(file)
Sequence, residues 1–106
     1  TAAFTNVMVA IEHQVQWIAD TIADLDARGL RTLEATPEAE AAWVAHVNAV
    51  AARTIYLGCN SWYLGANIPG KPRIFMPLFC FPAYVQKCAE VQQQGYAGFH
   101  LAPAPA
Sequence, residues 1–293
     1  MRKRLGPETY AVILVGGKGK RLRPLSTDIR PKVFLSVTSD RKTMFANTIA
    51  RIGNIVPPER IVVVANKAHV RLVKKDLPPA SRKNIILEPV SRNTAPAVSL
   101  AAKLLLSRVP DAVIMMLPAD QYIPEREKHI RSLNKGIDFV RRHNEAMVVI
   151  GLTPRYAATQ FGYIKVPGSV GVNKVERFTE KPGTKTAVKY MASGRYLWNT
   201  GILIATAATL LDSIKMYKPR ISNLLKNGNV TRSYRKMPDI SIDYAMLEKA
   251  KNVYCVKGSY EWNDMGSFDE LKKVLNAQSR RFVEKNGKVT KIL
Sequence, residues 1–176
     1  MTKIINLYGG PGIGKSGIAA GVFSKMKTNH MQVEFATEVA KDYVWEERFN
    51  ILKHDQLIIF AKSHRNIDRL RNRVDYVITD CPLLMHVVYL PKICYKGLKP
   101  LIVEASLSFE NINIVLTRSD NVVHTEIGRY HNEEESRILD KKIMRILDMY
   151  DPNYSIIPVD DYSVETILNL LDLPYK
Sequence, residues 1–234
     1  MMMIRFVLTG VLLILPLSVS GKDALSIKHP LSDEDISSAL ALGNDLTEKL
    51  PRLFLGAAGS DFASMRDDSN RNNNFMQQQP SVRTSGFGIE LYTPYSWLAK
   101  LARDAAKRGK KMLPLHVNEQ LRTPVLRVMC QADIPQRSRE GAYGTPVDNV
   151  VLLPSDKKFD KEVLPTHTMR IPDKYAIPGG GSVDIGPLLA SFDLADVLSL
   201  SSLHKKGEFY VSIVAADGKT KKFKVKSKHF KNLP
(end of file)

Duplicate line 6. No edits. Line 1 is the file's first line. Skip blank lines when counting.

     1  MRKRLGPETY AVILVGGKGK RLRPLSTDIR PKVFLSVTSD RKTMFANTIA